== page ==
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How to Insulate an Existing Metal Building

Regret not insulating your metal building? It’s not too late. 

While it’s best to install insulation during the building project it is possible to add insulation later. If you’re reading this article you’re probably past the point of installing during the construction, and you’re not alone. People are often hesitant to have building insulation installed during the building phase due to its cost. However, depending on the use of the building, they find out later down the line that insulation was essential.

If you are in this boat we will breakdown clearly if you need insulation, why you should insulate your existing building, and how to do so. 

Do You Need Insulation?

Depending on the intended use of the building, and geographic location, you may or may not need insulation. The main want for insulation includes comfort and energy saving. However, a drawback of insulation includes the flammability of the material. On their own, metal buildings cannot ignite. The added material adds a layer of caution that must be kept. 

Why Insulate Your Existing Metal Building?

Beyond conserving energy, and promoting a comfortable living environment, insulation can:

  • Maintains temperatures
  • Reduces moisture
  • Absorbs sound 

Overall, insulating your steel building can prevent moisture from entering the structure via condensation. Which in turn prevents the build-up of mold, mildew, rust, and corrosion. Insulation prevents the transfer of moisture between the framing. 

How to Insulate an Existing Metal Building

There are various ways to insulate a metal building. Insulating an already existing metal building is a tough job, however, certain methods are easier than others. Read through the different types of insulation below to ensure you make the best decision.


Radiant Barrier Insulation

Radiant barriers are likely the best option for metal structures. They reflect thermal radiation and reduce heat transfer. The material is typically thin and resembles aluminum foil. In addition, radiant barriers can be used on their own as insulation, or as a base for other insulation options. 

Step 1: Install the radiant barrier

Staple: Install the radiant barrier across the bottom of the rafters from end to end. 

Tape: Use double-sided tape on the frame studs in a top-down manner. 

Step 2: Double It

Overlap the second row by two inches.

Step 3: Final Touch

Remove any material around appliances that produce heat or protrude.

Important: Before installing insulation, check for moisture problems and repair as necessary. In addition, check for cracks in any wiring. 

Spray Foam Insulation

If you are looking to insulate an existing metal structure, this is probably one of your easiest options. Spray foam insulation is one of the most convenient types of insulation if the metal panels are already attached to the frame and you choose not to install radiant barrier insulation. 

Step 1: Foam Distribution

Using a pressured device, distribute the foam evenly. 

Step 2: Avoid Spills

Because the foam hardens quickly, accidental spills should be avoided at all costs.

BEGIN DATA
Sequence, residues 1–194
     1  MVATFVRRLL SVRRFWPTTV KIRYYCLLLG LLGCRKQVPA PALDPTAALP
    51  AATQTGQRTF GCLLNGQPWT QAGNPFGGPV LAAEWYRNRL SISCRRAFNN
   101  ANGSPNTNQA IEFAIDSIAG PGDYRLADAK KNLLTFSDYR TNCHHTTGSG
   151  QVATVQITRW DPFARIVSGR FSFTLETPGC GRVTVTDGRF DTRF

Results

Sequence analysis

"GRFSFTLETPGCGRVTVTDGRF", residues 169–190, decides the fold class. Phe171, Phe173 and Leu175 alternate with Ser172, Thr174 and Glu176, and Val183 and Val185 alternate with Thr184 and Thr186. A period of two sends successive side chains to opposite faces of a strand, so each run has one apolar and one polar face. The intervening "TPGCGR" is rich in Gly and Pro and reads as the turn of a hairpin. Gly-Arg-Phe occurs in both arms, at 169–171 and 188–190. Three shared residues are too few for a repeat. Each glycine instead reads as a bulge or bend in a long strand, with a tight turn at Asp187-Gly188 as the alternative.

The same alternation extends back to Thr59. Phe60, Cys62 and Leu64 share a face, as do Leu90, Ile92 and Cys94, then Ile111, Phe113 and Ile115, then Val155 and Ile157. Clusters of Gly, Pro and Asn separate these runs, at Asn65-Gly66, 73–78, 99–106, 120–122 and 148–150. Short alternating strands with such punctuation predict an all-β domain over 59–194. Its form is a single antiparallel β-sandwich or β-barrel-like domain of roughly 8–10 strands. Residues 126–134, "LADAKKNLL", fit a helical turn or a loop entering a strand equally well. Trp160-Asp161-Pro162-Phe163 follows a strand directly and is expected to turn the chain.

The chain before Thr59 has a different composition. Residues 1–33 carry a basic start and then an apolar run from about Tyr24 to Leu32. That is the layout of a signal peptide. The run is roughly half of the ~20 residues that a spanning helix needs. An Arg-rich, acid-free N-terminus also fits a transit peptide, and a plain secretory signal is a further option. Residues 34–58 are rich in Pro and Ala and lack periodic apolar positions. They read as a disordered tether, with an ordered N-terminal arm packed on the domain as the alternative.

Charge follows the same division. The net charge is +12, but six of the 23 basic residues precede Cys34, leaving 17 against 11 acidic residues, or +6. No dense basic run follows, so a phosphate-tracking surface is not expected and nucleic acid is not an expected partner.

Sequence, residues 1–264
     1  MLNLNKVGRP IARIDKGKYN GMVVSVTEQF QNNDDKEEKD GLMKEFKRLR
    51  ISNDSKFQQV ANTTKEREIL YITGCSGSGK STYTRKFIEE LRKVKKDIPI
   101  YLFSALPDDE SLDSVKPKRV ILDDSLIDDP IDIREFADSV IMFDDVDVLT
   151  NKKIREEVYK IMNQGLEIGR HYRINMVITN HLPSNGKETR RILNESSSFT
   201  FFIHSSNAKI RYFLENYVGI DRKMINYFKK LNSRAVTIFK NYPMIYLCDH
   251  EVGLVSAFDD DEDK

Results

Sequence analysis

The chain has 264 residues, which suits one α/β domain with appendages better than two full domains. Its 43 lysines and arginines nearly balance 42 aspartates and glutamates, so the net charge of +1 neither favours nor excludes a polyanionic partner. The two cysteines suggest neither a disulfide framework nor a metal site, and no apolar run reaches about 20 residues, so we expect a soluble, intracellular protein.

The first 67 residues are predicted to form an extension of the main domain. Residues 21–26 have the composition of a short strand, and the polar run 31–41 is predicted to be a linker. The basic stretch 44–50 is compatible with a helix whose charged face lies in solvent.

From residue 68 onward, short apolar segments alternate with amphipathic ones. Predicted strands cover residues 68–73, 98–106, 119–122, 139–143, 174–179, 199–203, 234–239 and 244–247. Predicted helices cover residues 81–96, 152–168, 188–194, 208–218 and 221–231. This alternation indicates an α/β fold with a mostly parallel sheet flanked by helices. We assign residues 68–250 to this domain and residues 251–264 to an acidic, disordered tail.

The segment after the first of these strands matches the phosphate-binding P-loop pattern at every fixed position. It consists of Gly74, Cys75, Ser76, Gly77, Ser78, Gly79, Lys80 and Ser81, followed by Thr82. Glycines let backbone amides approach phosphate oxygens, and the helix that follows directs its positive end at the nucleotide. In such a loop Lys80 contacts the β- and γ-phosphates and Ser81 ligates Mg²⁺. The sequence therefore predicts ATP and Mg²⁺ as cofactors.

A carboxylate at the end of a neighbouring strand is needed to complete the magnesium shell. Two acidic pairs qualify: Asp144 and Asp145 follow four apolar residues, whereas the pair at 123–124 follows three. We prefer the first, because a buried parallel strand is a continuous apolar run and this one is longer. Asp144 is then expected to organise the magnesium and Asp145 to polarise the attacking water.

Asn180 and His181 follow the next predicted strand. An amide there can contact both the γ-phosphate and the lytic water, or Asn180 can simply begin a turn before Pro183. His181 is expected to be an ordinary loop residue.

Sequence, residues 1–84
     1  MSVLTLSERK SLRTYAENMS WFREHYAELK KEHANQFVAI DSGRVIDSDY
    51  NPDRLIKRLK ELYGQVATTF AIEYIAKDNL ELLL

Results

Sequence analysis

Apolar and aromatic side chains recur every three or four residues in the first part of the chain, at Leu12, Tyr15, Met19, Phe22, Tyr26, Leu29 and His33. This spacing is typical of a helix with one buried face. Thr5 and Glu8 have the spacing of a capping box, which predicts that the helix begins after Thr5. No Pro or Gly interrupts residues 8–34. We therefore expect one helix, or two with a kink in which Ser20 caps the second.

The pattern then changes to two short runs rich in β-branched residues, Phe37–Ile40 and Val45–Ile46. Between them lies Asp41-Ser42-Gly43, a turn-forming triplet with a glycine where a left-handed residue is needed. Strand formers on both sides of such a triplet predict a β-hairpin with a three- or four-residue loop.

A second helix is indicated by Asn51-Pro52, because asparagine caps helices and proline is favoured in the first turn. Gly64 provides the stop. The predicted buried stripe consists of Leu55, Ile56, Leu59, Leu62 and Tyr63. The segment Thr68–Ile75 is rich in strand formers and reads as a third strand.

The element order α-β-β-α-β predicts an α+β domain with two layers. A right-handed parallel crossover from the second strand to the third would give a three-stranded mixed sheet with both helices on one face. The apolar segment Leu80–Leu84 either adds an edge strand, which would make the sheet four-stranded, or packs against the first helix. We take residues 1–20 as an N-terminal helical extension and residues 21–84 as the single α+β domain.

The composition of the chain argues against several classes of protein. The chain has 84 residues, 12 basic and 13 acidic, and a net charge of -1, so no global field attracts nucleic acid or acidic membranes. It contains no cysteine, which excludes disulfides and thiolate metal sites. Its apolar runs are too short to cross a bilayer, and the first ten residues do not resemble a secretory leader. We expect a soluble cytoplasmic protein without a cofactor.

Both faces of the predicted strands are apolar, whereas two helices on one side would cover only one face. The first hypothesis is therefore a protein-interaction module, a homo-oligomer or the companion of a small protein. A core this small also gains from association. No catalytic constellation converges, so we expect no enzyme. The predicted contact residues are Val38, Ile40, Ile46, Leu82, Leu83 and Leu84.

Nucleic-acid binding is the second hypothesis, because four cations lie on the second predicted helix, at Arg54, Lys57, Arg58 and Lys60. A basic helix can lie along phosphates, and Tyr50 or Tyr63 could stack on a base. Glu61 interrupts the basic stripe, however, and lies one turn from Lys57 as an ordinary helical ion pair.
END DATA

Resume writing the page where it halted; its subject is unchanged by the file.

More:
Step 3: Let Dry

Let the foam completely dry then hand the internal wall sheeting. 

Important: Pay attention to the areas between the frame studs and be sure it’s completely covered.

Fiberglass Insulation

Fiberglass sheets are a traditional choice for most construction and home insulation projects. It’s probably the product that comes to mind when you think of insulation. HOWEVER, we do not recommend this option for existing metal buildings. 

While fiberglass works great for residential buildings, the same cannot be said for metal buildings. 

Issues with Fiberglass for Metal Buildings:

Spacing Issues 

  • Rolled fiberglass generally comes in rolls of 15 to 24 inches wide
  • The stud spacing on a metal building is typically 4 to 5 feet apart. 
  • This results in additional tape being needed, spacing issues, peeling, and gaps.  

Moisture Issues

  • Because it tends to collect and retain moisture, fiberglass is prone to mold growth

More Insulation Options:

  • Loose-Fill: Loose fibers or pellets are blown into the wall cavities. This tends to be a pricier choice.
  • Rigid Board: Provides superior soundproofing properties and works particularly well on flat roofs.
  • Batt: Budget-friendly and a popular choice. 

How Much Insulation Do You Need?

The amount of material you need will depend on measuring your walls and roof. How you measure and the equation used will depend on your building's shape. For example, an average residential roof with 2 slopes would be calculated as follows:

Example – If the length is 6m, and height is 3m:

6m x 3m = 18m²

18m² x 2 = 36m²

Total m² = 36m²

How Much Will it Cost?

Metal Building Insulation costs can add up quickly. Take a look at the average material prices and installation costs below. 

Material Prices$40.00 - $45.00$50.00 - $55.00$60.00 - $75.00
Installation Cost$125.00 - $135.00$175.00 - $200.00$225.00 - $265.00


More about Pricing:

In addition to the material, installation, and square foot cost. There’s also R-Value to be aware of. R-Value is a measure of the insulation’s ability to resist heat flow. The higher the number, the better it is at resisting heat flow. In return, this impacts the total price. When shopping for materials keep this in mind. 

Need a Metal Building?

If you are ready to compare prices for a metal building, 360Connect can help! Get free, zero-commitment quotes from suppliers near you. Click HERE. 

Next Step

Learn more about the different types of metal buildings. 

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